Syrian government forces appear to have recently made use of cluster bombs, weapons banned by most countries because of the danger they pose to civilians, a New York-based rights watchdog said Sunday.
Human Rights Watch said in a report that Syrian activists posted at least 18 videos on Oct. 9-12 showing remnants of the bombs in or near several towns, which included the central city of Homs, the northern cities of Idlib and Aleppo, the countryside in Latakia, and the Eastern Ghouta district near the capital Damascus. Many were on a north-south highway that has been the scene of fighting in recent days.
Cluster bombs are of particular concern because they scatter small bomblets over a wide area. Many bomblets do not immediately explode, posing a threat to civilians for long afterward.
Human Rights Watch said the munitions in the video were Soviet-made. Before its collapse, the Soviet Union was a major arms supplier to Syria.
It is nearly impossible to independently verify such reports in Syria, where journalists' movement is restricted and the government keeps a tight-lid on news related to the revolt, which it blames on a foreign conspiracy.
"Syria's disregard for its civilian population is all too evident in its air campaign, which now apparently includes dropping these deadly cluster bombs into populated areas," said Steve Goose, the group's arms director.
He said cluster bombs "have been comprehensively banned by most nations, and Syria should immediately stop all use of these indiscriminate weapons that continue to kill and maim for years."
The report said the cluster bomb canisters and submunitions displayed in the videos "all show damage and wear patterns produced by being mounted on and dropped from an aircraft." Some residents confirmed in interviews that helicopters dropped cluster bombs near their homes on October 9, the group said.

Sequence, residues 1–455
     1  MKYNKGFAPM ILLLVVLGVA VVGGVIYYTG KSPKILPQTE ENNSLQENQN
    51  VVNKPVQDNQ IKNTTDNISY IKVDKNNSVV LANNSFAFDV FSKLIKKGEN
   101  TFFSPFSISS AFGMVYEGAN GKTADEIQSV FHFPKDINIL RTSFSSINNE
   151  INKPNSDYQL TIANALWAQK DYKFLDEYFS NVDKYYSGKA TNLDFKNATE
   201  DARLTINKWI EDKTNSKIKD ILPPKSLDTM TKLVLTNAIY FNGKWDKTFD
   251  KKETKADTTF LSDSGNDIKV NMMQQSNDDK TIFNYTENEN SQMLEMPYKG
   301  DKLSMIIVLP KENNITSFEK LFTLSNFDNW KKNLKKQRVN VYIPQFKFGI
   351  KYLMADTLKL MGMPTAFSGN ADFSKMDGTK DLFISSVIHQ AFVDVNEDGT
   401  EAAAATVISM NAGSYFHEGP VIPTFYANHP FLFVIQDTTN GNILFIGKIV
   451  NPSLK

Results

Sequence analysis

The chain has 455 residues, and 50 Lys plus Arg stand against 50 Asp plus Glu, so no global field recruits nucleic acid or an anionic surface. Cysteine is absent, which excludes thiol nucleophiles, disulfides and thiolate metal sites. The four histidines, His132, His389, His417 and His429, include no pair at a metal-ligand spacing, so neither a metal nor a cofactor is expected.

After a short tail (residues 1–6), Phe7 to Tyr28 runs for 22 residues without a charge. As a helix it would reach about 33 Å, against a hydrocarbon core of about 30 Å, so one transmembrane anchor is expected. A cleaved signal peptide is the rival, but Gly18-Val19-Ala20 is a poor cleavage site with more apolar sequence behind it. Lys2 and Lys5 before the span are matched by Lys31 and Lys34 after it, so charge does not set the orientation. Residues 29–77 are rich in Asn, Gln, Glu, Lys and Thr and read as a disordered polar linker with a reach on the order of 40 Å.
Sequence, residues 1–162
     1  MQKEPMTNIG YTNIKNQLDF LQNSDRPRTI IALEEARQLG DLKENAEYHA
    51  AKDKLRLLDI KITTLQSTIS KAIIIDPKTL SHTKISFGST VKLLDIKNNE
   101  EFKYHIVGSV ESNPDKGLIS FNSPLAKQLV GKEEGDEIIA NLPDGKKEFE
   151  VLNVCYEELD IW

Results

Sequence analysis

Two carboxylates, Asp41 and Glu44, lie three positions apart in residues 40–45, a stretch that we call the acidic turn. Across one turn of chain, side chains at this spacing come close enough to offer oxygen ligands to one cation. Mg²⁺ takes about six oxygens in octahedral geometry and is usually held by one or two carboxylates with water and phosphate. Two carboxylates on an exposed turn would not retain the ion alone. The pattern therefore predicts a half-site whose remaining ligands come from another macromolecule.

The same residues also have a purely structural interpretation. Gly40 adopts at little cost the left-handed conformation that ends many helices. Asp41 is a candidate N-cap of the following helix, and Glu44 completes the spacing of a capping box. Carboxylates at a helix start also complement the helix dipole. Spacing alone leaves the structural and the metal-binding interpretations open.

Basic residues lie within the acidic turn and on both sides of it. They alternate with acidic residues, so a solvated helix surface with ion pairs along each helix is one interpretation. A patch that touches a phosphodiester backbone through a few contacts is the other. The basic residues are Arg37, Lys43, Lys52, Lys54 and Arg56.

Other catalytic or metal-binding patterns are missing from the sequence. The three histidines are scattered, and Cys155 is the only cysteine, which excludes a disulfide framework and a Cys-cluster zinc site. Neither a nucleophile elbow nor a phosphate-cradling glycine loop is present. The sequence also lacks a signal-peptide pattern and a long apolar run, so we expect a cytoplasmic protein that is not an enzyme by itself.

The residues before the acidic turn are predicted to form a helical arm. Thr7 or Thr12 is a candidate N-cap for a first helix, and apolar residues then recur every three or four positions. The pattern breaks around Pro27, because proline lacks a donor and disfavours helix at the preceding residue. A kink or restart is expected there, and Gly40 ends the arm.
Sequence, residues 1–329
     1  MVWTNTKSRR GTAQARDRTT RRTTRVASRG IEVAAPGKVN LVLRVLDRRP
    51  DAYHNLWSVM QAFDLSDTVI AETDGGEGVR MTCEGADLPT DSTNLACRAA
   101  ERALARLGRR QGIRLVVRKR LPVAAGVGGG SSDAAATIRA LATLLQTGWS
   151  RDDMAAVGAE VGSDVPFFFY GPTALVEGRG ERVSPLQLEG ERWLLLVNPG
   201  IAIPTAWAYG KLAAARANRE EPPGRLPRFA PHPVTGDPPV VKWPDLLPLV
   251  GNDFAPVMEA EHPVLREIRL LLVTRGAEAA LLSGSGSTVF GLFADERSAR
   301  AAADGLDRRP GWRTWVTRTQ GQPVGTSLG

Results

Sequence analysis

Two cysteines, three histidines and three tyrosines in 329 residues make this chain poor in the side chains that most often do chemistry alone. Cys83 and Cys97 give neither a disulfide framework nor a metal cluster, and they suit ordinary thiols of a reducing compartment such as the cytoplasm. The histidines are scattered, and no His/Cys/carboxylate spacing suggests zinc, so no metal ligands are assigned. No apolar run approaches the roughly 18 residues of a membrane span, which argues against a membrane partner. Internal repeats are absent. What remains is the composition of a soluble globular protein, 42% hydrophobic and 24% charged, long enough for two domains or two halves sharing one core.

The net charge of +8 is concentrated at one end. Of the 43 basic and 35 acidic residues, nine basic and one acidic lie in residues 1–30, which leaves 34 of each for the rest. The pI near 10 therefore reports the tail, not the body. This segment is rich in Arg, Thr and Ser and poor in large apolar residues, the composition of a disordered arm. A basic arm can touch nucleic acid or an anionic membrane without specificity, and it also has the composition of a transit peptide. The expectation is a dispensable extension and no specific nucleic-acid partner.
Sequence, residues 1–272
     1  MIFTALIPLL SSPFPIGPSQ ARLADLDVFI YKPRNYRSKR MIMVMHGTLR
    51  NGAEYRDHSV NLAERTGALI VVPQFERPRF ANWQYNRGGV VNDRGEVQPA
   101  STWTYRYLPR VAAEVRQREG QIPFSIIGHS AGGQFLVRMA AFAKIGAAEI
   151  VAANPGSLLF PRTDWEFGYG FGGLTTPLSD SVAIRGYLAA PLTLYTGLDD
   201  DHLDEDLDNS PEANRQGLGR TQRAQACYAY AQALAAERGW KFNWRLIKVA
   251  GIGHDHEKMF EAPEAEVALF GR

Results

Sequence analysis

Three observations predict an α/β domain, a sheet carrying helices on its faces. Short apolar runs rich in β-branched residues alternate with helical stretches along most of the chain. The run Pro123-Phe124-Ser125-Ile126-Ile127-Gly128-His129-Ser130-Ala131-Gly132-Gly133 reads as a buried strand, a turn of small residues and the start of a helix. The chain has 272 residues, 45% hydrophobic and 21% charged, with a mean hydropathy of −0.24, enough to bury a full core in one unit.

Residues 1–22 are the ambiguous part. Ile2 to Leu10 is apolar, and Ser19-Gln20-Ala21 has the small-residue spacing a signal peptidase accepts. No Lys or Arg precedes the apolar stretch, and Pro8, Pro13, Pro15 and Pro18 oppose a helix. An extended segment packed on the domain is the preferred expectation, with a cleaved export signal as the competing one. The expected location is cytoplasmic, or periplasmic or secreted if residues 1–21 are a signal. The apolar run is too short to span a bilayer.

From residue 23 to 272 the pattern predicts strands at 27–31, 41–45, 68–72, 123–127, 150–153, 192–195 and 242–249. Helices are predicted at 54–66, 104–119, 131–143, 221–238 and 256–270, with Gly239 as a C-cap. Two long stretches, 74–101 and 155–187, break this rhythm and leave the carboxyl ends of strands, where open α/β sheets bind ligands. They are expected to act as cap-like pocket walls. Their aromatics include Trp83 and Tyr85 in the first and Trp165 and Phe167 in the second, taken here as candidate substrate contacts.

The group did not have information if the munitions had caused any casualties casualties.
Human Rights Watch "is deeply concerned by the risks posed by the unexploded submunitions to the civilian population, as men and even children can be seen in the videos handling the unexploded submunitions in life-threatening ways," according to the report.
HRW said it had confirmed that the fragments shown in the videos were RBK-250 series cluster bomb canisters and AO-1SCh fragmentation bomblets.
The military publisher Jane's Information Group lists Syria as possessing Soviet-made RBK-250 cluster bombs, the report said. It said there was no information available on Syria's acquisition of the weapons.
Human Rights Watch had previously reported cluster bomb remnants found in Homs and nearby Hama this summer.
More than 32,000 people have been killed in Syria since a revolt against President Bashar Assad erupted 19 months ago. Hundreds of thousands of Syrians have fled the fighting between the rebels and the army, which has been using missiles, tanks and warplanes in strikes that devastated whole neighborhoods.
Earlier Sunday, Syrian gunmen fired on a bus transporting workers to a blanket factory, killing four and wounding eight others, a Syrian official said. He said the attack happened at the entrance of Homs. He gave no other details and spoke anonymously as he was not authorized to make press statements.
The Syrian state news agency said a suicide bomber crashed an explosives-laden sedan into a coffee shop at a Damascus residential neighborhood, causing damage but no fatalities.
SANA said the explosion took place at dawn on the capital's Mazzeh highway. An Associated Press reporter at the site says the blast destroyed a balcony and ripped off a building facade.
Hours afterward, a second blast rocked the same area, seriously wounding a journalist, the agency said. It said an unidentified armed group detonated an improvised explosive device attached to the car of the journalist, Ayman Youssef Wannous, who works for a private Syrian magazine.
In neighboring Jordan, Syrian refugee Mustafa Ali Kassim, 24, died of shrapnel wounds inflicted when the Syrian army opened fire at his group of 229 Syrian refugees while crossing a border fence into Jordan before
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